What is considered a dental emergency?

What is a dental emergency?

Dental issues are relatively common, but not every ailment or symptom requires urgent intervention. Statistics from the American Dental Association indicate an increase in Emergency Department visits for dental pain in recent years. While most cases of oral pain are linked to decay and gum disease, injuries, infections and trauma can also contribute to severe discomfort. If you experience symptoms following an accident, or you develop intense oral pain, it’s crucial to seek advice. Dental emergencies require immediate assistance. In most cases, the sooner treatment is provided, the better the outcome. 

Examples of dental emergencies

Anyone can find themselves in a situation where they need urgent dental help. Accidents are not always preventable, and underlying dental issues, such as abscesses and infections, can trigger sudden, throbbing pain. Here are some of the most common examples of dental emergencies:

  • Knocked-out tooth

Also known as tooth avulsion, a knocked-out tooth should always be treated as a dental emergency. It is possible to save teeth that have been dislodged, and if you can type in dental offices near me open into your phone and follow the links, dentists might be able to reinsert the tooth. While you’re on your way to a dental office or waiting to see a dentist, hold the tooth by the crown, avoid touching the root and place the tooth in a glass of lukewarm water or milk if you can. You could also hold the tooth in your mouth. This advice is not applicable to children, as there is a risk of swallowing.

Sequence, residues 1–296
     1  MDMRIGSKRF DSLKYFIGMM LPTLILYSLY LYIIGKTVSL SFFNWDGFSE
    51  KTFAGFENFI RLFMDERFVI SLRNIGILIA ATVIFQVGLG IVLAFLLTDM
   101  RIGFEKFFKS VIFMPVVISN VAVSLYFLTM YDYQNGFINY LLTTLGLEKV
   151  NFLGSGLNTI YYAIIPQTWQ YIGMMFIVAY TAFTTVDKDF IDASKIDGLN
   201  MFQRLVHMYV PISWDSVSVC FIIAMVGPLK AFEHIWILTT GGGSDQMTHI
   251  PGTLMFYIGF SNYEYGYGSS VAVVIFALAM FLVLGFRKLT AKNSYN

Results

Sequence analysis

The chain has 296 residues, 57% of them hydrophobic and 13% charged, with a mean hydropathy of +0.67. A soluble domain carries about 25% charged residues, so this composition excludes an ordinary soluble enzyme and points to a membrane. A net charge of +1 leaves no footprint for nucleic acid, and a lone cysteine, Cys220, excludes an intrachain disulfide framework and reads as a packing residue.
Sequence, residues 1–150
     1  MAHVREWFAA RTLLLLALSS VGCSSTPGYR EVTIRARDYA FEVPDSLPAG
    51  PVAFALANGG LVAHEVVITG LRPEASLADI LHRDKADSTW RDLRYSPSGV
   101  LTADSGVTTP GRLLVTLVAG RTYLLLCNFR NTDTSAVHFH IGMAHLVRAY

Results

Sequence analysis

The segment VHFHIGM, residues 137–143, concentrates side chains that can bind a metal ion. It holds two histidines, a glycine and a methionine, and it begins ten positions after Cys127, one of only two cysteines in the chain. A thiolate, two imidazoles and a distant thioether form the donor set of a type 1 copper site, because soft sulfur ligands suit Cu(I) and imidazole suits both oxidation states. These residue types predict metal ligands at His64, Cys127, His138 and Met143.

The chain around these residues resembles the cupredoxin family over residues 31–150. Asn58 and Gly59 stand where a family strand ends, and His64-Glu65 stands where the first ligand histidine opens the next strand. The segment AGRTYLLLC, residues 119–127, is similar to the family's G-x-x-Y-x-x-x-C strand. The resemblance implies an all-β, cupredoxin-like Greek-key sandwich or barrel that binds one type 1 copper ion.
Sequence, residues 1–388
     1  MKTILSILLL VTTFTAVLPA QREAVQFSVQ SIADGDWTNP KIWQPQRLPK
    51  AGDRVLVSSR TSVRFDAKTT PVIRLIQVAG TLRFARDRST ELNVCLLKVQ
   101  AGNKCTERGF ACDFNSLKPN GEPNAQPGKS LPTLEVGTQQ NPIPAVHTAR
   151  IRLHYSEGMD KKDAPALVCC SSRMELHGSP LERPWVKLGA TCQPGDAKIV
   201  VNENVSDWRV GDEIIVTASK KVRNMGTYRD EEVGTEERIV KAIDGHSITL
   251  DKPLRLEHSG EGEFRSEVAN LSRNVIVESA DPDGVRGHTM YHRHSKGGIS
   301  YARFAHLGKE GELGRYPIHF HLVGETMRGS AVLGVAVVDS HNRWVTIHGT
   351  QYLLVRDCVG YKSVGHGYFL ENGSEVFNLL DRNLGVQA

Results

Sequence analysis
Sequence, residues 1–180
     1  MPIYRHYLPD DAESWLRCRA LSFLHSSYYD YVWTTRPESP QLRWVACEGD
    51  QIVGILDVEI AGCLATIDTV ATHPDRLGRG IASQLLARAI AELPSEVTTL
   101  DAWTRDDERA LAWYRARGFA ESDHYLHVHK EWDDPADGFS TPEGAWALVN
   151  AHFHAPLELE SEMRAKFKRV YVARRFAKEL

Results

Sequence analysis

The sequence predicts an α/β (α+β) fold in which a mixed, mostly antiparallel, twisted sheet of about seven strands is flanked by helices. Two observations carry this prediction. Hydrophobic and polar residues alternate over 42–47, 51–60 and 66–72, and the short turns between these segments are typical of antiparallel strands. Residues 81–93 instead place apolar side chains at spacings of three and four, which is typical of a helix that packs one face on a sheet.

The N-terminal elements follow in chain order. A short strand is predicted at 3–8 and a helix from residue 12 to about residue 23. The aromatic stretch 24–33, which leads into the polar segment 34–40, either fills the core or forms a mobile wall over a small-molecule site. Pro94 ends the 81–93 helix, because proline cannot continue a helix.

• Severe dental pain

In many cases, dental pain is mild, but pain can intensify, particularly if trauma is involved or the tooth or gums are infected. If you have severe dental pain, or your pain is getting worse, seek expert advice. There are several possible causes, and it’s always best to get checked out so that your dentist can identify the cause and suggest suitable treatment options. 

  • Dental injuries and bleeding

Slips, trips and falls, car accidents and playing sports can all result in facial injuries, which can cause damage to the teeth and excessive bleeding. If you’ve been involved in an accident, or you’ve injured yourself and your mouth is swollen, sore or bleeding, arrange to see your dentist. The priority will be to stem the bleeding. Your dentist will then decide whether additional treatment, for example, restorative work, is required. 

What to do in an emergency

If you need emergency help for dental issues, don’t hesitate to contact your dentist. It’s beneficial to seek advice as soon as possible. Your dentist will be able to offer advice to help you manage pain or stem bleeding until you can reach them. 

Summary

Dental emergencies require urgent assessment. If you develop intense pain, you damage your teeth in an accident, or you’ve lost a tooth playing sports, it’s wise to find an emergency dentist as quickly as possible.

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